Why do we only have permit-hunts on DFW’s Carrizo and Canebrake areas?


By JIM MATTHEWS

www.OutdoorNewsService.com

Why does the state only offer a limited number of hunting opportunities on the Canebrake and Carrizo Plain Ecological Reserves?

There is no sensible explanation.

Both are part of the Department of Fish and Wildlife-owned lands system, and both of these large tracts of relatively remote land could and should be opened to all general season hunting.

The Carrizo Plain Ecological Reserve sits just north of Highway 166 adjacent to the Los Padres National Forest and Carrizo Plain National Monument between Bakersfield and Pismo Beach. It is 38,900 acres – over 40 square miles to give you a better visual of its size – and has a good dirt road right through the middle of the property that connects it to Highway 166 on the south and Soda Lake on the north. That road is closed to the public. There is only foot access allowed from a parking area on Highway 166 at mile marked 42.

The area is divided into four units – the north and south Chimineas Ranch units, the American unit, and the Panorama unit – and walk-in is allowed only for upland birds and small game Sept. 1-15, and Dec. 1-Jan. 31, and only on Wednesdays and Saturday. You have to download a permit application in advance and have it in your possession while hunting. No hunting is allowed for deer, coyotes, or ground squirrels.

If you go to the Department of Fish and Wildlife website, it will take you about an hour to ferret out this information. You will have to download a 95 page document and read thought it, and then make some calculated guesses on what is exactly open and closed. Most people give up. In spite of excellent hunting opportunity on this publically-owned land, we are basically excluded from most of it. We can’t even use it to access the federal forest service or monument lands that are open to hunting outside of those narrow parameters.

Oh, there are some permit hunts on the property that open up the roads for a handful of weekends a year just to those permit holders, but why is the whole place closed and the roads not open to public access? The best answers I could get from the DFW staff were that they were concerned about road damage and disturbance of the tule elk herds that live on the property. Really? No one could give me a rationale answer why coyote and ground squirrels were closed to hunting, when hunters are allowed to hunt them on the adjacent federal lands. And why isn’t the area included in the general deer zone, like all the surrounding public lands? The answer was simply that there aren’t a lot of deer on the property. So? That makes it like most of the adjacent hunting areas open.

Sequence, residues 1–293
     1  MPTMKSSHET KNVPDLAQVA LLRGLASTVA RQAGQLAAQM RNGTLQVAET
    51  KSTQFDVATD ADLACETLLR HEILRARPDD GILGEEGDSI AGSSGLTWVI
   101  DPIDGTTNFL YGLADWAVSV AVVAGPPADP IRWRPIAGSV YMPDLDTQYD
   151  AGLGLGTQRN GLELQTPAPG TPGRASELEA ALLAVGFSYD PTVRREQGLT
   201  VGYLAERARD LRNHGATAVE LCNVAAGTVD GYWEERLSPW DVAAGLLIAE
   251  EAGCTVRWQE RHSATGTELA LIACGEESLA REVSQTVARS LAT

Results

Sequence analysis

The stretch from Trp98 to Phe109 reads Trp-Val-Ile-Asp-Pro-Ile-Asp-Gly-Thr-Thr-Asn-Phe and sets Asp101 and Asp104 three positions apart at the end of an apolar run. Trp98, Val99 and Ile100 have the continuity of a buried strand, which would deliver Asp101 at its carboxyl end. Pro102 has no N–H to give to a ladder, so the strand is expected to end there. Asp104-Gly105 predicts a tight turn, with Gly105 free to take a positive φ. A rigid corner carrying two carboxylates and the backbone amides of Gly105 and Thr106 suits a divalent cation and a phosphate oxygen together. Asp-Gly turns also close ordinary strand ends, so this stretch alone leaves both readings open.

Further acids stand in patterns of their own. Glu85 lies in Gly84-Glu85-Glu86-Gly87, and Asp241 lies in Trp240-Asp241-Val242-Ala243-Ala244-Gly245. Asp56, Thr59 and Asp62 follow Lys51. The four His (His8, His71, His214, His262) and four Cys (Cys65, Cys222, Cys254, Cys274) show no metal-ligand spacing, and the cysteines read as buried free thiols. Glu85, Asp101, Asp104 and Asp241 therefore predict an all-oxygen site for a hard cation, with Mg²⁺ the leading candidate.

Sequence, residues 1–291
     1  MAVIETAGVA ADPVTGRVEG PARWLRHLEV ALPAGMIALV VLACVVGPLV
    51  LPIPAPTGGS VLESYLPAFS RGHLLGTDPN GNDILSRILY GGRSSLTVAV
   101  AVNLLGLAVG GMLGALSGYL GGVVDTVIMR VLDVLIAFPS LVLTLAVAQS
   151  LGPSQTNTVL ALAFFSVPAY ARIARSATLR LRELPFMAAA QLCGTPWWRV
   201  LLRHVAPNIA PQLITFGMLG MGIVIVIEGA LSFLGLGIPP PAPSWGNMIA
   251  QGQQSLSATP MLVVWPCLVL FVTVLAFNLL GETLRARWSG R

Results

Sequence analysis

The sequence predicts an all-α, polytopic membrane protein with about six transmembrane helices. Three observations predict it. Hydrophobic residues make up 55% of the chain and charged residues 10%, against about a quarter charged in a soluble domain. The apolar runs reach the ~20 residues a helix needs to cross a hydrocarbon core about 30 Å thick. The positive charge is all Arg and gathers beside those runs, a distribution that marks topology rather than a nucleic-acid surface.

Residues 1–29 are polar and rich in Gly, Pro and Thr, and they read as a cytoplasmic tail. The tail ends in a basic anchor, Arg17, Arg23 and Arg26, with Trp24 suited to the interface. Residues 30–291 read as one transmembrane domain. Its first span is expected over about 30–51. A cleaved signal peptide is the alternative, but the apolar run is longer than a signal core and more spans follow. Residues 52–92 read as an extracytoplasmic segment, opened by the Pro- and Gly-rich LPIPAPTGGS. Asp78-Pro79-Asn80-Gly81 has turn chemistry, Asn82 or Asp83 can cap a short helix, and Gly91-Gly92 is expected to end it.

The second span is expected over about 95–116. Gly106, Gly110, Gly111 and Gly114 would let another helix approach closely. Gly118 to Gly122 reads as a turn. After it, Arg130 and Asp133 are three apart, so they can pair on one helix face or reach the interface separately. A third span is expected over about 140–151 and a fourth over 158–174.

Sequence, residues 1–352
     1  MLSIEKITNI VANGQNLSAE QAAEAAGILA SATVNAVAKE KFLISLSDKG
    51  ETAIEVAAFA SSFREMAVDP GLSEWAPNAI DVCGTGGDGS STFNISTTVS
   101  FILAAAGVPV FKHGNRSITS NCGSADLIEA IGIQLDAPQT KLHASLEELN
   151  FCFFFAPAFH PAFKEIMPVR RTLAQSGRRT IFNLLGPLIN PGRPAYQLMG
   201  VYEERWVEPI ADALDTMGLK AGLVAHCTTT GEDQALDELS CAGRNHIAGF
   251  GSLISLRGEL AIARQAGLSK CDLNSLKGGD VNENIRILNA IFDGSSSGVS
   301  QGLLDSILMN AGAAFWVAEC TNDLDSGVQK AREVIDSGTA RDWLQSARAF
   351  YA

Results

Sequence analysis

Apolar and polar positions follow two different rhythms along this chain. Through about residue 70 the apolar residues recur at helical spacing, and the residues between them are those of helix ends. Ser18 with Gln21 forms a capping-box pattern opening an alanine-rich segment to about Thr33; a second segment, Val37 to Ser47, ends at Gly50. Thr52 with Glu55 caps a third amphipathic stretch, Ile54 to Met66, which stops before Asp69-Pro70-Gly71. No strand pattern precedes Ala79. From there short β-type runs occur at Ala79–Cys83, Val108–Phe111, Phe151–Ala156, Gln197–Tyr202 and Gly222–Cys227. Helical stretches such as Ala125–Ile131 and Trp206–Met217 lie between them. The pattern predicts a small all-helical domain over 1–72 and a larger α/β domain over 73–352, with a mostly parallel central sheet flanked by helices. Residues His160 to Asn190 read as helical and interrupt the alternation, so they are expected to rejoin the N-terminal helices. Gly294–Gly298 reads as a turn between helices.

Management of the 7,200-acre (over 10 square miles) Canebrake Ecological Reserve is even worse. This area is located on the South Fork of the Kern River along Highway 178 east of Lake Isabella. Several miles of the river and Canebrake Creek run right through the property. Here hunting is simply not allowed at all except for a couple of special application hunts for juniors and family, but basically the whole area is closed to hunting.

No one could give me a reason for the closure that made any sense, especially when all of the adjacent federal Forest Service and Bureau of Land Management lands are open to hunting. Ironically, hunters can use the trails through the ecological reserve to access these federal lands. The closure probably makes the least sense on Scodie Canyon Unit of the area. This unit is well away from the Kern River and south of Highway 178 in the arid habitat in the foothills of the Scodie Mountains. The only people who might use this part of the area are hunters looking for quail and chukar.

But there you have it. These are two great pieces of state-owned property that get almost no use from hunters – or anyone else – because the DFW has locked the gates and manages them in baffling ways, ways that are inconsistent with wildlife management and use of public lands.

END

A Hautman brother wins the federal

duck stamp art competition yet again

For the 13th time one of Minnesota’s three Hautman brothers has won the Federal Duck Stamp Art Contest run by the U.S. Fish and Wildlife Service. Bob Hautman, who lives in Delano, Minn., painted a pair of mallards that won the competition during final judging on Saturday, beating over 200 of the nation’s finest wildlife artists. His artwork will appear on the 2018-19 federal duck stamp, which must be purchased by all waterfowl hunters. Collectors and conservationists also snap up the stamp.

The annual stamp costs $25 and raises nearly $40 million each year to provide funds used entirely to conserve and protect wetland habitats in the National Wildlife Refuge System. The artist doesn’t get a dime from the federal government for his artwork – and the government keeps the painting. But the artist retains the right to sell reproductions of his work, and it is said that winning is worth over $1 million in print sales. The elevation of the artist’s stature is also instant and beyond calculation.

Bob Hautman has won the competition two other times, while his brothers Jim and Joe have won the contest five times each. The three are avid hunters.

Federal Duck Stamps are available at many national wildlife refuges, sporting goods stores and many art retailers, through the U.S. Postal Service, or online at http://www.fws.gov/birds/get-involved/duck-stamp/buy-duck-stamp.php.

You can see a gallery of the 215 entries for the 2017 Federal Duck Stamp Art Contest at: https://www.flickr.com/photos/usfwshq/sets/72157686451028213/.

END

[Jim Matthews is a syndicated Southern California-based outdoor reporter and columnist. He can be reached via e-mail at odwriter@verizon.net or by phone at 909-887-3444.]

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